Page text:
Story County officials are currently working out the details to upgrade a decades-old emergency communications system that could cost the county between $6 million and $10 million.


The county’s E911 board is in the process of sending out requests for proposals to different consultants that have experience in working with emergency systems used by first responders, such as paramedics and fire departments.


According to Story County Supervisor Martin Chitty, who also sits on the E911 board, the county, as well as most areas of the state, is currently experiencing issues that restrict the county’s dispatch center from reaching some rural fire departments by radio or pager during an emergency.


“If you went up Highway 65 from Colo to Zearing, we have three repeaters in the county. We have one that sits on an ag business there that cannot get signal strength range to McCallsburg, which is a town not quite six miles,” Chitty said.


If repeaters, which extend the radio signal’s range, don’t operate correctly, then then emergency responders are not notified properly.


“We are looking to do a complete technology refresh on a system that has been operating since 1986. It is that old, it is that elderly and we are having signal saturation and signal penetration deficiencies that are not going to clear themselves up without a solid investment,” Chitty said.


According to Chitty, it depends on where a person is at in the county to know which problem they will experience.


“You have two different issues that you’re dealing with because you have signal saturation in the greater whole of the eastern part of the county where you have blind spots and the agencies themselves, your volunteers, are left with having to use their cellphones as back-up systems because maybe the pager is not getting it done,” Chitty said. “Then you move into the west side of the county in the Ames, Iowa State venues, then you’re looking for signal strength to punch through the buildings,” Chitty said.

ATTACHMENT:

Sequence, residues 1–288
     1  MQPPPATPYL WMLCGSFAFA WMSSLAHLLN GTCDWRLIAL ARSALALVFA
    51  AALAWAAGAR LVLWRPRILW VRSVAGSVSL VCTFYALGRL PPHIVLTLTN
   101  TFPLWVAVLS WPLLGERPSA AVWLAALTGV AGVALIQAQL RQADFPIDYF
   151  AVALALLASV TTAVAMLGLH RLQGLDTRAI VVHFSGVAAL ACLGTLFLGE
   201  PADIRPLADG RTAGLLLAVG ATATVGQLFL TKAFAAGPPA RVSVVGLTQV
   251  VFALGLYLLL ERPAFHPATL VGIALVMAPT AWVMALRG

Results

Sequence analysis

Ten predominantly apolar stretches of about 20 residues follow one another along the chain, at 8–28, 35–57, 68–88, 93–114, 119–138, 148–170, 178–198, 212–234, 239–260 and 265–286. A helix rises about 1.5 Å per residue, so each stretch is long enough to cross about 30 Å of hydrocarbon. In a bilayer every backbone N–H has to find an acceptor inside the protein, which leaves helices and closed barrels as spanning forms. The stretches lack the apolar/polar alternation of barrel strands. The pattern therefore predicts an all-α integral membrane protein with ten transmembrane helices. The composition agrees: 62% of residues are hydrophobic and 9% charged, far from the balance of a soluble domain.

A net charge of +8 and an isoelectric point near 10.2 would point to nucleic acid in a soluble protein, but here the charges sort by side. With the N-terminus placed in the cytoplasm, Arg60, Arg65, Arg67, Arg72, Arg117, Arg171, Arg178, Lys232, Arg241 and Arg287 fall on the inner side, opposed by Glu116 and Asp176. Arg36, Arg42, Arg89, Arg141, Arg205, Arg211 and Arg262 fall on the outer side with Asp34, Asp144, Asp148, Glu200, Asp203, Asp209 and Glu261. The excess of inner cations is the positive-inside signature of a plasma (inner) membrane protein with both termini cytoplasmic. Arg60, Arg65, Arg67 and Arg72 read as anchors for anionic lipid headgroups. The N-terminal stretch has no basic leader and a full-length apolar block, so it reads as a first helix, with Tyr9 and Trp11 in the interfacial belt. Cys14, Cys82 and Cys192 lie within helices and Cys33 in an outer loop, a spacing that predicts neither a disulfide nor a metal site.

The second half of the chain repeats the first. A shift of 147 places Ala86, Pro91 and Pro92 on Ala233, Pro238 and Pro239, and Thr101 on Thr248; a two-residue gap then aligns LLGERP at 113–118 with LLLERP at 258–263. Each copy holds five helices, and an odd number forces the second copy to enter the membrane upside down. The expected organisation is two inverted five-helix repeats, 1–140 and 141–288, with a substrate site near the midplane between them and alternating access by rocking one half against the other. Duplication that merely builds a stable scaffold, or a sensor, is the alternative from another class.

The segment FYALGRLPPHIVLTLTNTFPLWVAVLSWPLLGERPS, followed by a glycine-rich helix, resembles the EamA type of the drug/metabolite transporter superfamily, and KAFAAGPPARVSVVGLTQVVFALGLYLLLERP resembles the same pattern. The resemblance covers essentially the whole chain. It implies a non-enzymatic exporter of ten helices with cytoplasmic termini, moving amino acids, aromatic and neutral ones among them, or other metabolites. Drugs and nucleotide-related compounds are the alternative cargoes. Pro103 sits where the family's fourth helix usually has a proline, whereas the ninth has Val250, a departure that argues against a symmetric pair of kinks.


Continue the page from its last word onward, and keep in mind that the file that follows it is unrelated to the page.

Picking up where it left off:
Chitty said that some departments working in Ames have said that even if an emergency responder is wearing a radio, the signal might not be powerful enough to go through walls and reach the responders once they are inside a building.


Chitty said that the board is currently looking at possible system improvements and speaking with experts in the field to see what will be needed to upgrade the system in a way that will cover a lot of the deficiencies that have been found in the county.


“Right now, we are doing the interview process,” Chitty said.


Chitty said that each possible platform offers different options, and all of those options need to be weighed against the state working on a statewide system that would allow counties and cities to communicate on a wider basis.


“The thing is, we’re not looking for a system that only meets the confines of Story, because our agencies respond outside on sharing agreements,” Chitty said.


Colo Fire Chief Dennis Clatt said he hasn’t experienced some of the problems that places like Story City and Zearing have dealt with, but he has had issues when working outside of the county.


“Personally with Colo, we respond quite often to Marshall County and assist in Marshall County and right now, with what I have, it’s hard to communicate,” Clatt said.


Clatt said that some of that problem has been that Marshall County has already completed a system upgrade and now the Colo radios will no longer work with that system. Clatt added that Colo is among the departments in the county that uses an app on their cellphones as a backup system when the radios aren’t able to be reached by the dispatch center. For now, that has been an acceptable work-around in many cases.


Clatt said that even though he hasn’t had some of the problems that other departments have had in the county, he’s still looking forward to the eventual upgrade.


“With an upgrade to that system, if we do a digital route, it will be a quicker…reception, hopefully the coverage will be better. I think it will benefit EMS, fire, the paramedic services in the county,” Clatt said.


Chitty said that the county is still trying to work out what it would cost for the county as a whole and each individual community that wants to be involved. He said the idea he likes best is that the cities or areas of the county that would use the system the most, would pay the most.


“If you’re getting the most use out of it and the most benefit out of it, maybe you should be looking to do a bit more of the financial lift out of it,” Chitty said.


Chitty said that he hopes to have a consultant chosen by next week and that will begin the process of deciding which route to take when it comes to a platform that will ultimately be used within Story County. But he could not give an approximate date for that process to begin, or when the system upgrade could possibly take place in Story County.